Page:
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Creators/Authors contains: "Grazziotin, Felipe G."

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  1. Abstract Recent phylogenetic analyses differ in their interpretations of the origin and interrelationships of snakes, resulting in polarized views of snake ecology, habit and acquisition of features associated with wide-gaped feeding (macrostomy). Here, we report a new specimen of the Late Cretaceous nest predator Sanajeh indicus that helps to resolve the origin of macrostomy. The new specimen preserves an ossified upper temporal bar and a posteriorly expanded otooccipital region that lacks a free-ending supratemporal bone and retains a lizard-like palatomaxillary arch that allows limited movements during swallowing. Phylogenetic analyses of a large-scale total evidence dataset resolve Sanajeh near the base of Pan-Serpentes, as the sister group of Najash, Dinilysia and crown-group Serpentes. The Cretaceous Tetrapodophis and Coniophis represent the earliest-diverging members of Pan-Serpentes. The Cretaceous hindlimbed pachyophiids and Cenozoic Australian ‘madtsoiids’ are inside crown Alethinophidia, whereas mosasaurs are recovered invariably within anguimorphs. Our results suggest that the wide-gape condition in mosasaurs and snakes might have evolved independently, as functionally distinct mechanisms of prey ingestion. The intermediate morphology preserved in Sanajeh indicates that ingestion of large prey items (macrophagy) preceded wide-gaped, unilateral feeding (macrostomy), which appeared 35 Myr later, in the common ancestor of pachyophiids, Cenozoic Australian ‘madtsoiids’ and alethinophidians.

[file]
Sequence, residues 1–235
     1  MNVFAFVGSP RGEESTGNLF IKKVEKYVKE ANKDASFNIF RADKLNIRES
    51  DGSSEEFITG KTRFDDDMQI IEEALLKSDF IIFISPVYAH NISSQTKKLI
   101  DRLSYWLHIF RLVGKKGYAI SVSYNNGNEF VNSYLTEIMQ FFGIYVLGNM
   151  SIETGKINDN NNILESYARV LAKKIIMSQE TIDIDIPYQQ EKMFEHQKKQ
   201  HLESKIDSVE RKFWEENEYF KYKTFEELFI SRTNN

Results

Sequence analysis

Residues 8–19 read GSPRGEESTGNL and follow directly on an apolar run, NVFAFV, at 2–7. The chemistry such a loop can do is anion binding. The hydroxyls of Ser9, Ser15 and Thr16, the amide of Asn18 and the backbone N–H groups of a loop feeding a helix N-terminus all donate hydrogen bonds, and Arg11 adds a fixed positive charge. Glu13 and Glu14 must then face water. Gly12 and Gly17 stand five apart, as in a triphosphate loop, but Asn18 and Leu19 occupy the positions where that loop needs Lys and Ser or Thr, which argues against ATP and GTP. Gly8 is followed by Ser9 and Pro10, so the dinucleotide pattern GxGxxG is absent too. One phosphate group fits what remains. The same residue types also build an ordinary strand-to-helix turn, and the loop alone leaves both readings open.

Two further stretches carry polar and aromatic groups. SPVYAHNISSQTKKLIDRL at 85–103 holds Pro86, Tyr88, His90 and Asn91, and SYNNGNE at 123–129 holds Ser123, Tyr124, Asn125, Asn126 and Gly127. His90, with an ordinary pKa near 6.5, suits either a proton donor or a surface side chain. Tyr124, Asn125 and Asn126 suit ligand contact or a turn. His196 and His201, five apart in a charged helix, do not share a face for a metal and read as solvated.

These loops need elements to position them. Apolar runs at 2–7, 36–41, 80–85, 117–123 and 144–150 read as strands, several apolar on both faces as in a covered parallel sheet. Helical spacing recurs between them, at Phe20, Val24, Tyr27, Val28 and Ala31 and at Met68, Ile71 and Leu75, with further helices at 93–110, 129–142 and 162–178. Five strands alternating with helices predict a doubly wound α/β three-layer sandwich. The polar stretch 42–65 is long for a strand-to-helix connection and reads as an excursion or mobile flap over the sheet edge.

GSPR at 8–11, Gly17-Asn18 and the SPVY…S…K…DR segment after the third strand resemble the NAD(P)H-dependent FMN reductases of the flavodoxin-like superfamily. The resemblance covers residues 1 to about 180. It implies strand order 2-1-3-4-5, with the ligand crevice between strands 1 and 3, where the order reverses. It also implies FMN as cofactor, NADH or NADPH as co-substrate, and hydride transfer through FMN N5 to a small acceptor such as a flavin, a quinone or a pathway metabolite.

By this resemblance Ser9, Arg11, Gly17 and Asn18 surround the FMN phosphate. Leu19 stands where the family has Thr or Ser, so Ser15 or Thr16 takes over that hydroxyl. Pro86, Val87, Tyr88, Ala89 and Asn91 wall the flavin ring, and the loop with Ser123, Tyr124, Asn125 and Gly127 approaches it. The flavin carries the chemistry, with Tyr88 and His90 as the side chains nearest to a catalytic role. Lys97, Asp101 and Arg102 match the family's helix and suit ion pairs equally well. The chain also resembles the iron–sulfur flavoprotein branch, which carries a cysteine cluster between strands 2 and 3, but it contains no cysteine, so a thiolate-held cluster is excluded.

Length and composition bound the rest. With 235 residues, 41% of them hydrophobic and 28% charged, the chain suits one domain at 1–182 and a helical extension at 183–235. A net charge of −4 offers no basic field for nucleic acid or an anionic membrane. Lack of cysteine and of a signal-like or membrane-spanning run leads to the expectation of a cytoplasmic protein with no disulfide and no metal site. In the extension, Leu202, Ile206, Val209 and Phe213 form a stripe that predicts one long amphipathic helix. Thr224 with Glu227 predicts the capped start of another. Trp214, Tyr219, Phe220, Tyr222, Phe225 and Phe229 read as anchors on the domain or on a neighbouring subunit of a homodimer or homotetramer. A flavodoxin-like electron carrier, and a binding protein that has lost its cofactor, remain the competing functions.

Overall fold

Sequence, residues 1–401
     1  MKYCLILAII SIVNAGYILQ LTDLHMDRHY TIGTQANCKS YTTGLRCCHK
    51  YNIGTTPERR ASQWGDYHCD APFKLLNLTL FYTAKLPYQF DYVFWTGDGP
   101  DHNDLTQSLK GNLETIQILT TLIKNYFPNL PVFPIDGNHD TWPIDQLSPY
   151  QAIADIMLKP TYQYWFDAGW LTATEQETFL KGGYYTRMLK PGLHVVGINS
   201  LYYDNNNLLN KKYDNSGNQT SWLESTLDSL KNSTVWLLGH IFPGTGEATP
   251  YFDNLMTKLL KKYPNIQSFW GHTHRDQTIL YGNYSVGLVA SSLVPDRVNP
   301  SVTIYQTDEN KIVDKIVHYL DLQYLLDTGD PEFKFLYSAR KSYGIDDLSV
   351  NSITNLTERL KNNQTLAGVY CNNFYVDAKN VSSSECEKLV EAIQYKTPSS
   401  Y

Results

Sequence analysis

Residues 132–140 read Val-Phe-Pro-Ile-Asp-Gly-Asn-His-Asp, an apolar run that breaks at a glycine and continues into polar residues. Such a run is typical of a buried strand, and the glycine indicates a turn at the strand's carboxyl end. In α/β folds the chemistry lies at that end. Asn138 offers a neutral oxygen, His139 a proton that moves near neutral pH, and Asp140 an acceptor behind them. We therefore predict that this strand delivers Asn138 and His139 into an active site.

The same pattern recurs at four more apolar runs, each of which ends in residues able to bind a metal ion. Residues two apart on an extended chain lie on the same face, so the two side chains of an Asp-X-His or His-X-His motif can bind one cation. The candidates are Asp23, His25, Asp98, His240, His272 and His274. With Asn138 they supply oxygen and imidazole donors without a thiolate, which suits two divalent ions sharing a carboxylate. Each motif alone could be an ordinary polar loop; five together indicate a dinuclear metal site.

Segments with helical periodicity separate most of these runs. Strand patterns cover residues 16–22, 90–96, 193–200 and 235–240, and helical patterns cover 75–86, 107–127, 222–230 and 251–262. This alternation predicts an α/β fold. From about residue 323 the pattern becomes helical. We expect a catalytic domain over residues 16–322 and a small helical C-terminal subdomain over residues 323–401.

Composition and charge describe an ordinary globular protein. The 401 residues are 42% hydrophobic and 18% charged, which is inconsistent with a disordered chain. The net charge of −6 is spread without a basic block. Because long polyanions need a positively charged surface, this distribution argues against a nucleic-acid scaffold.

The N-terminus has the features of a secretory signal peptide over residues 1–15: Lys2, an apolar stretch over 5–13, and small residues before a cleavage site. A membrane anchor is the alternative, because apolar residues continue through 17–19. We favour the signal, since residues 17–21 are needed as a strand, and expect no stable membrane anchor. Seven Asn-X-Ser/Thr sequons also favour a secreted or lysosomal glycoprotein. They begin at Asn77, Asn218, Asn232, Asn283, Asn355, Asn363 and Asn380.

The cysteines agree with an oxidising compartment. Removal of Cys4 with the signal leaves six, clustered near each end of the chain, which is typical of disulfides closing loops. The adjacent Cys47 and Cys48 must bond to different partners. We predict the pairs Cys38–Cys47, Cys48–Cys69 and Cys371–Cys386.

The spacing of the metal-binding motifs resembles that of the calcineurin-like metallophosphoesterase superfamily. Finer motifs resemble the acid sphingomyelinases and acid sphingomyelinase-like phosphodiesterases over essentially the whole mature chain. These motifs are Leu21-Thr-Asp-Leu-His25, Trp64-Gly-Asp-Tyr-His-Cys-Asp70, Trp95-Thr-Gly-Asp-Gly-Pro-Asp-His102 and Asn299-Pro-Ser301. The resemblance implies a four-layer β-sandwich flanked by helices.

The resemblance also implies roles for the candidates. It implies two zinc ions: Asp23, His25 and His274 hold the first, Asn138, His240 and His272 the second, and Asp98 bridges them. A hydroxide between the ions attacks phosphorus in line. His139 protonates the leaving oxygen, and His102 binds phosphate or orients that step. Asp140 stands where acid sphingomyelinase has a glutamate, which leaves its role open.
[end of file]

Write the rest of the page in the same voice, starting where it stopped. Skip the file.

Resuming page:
Free, publicly-accessible full text available May 13, 2023
  2. Ontogenetic changes in venom composition have been described in Bothrops snakes, but only a few studies have attempted to identify the targeted paralogues or the molecular mechanisms involved in modifications of gene expression during ontogeny. In this study, we decoded B. jararacussu venom gland transcripts from six specimens of varying sizes and analyzed the variability in the composition of independent venom proteomes from 19 individuals. We identified 125 distinct putative toxin transcripts, and of these, 73 were detected in venom proteomes and only 10 were involved in the ontogenetic changes. Ontogenetic variability was linearly related to snake size and did not correspond to the maturation of the reproductive stage. Changes in the transcriptome were highly predictive of changes in the venom proteome. The basic myotoxic phospholipases A2 (PLA2s) were the most abundant components in larger snakes, while in venoms from smaller snakes, PIII-class SVMPs were the major components. The snake venom metalloproteinases (SVMPs) identified corresponded to novel sequences and conferred higher pro-coagulant and hemorrhagic functions to the venom of small snakes. The mechanisms modulating venom variability are predominantly related to transcriptional events and may consist of an advantage of higher hematotoxicity and more efficient predatory function in the venom frommore »small snakes.« less